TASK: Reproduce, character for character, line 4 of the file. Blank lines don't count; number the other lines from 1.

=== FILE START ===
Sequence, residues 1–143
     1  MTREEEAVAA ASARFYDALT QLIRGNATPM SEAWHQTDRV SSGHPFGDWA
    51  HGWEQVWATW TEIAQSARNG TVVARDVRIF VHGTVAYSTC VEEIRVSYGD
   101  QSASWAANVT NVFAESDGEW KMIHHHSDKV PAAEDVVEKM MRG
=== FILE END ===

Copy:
   101  QSASWAANVT NVFAESDGEW KMIHHHSDKV PAAEDVVEKM MRG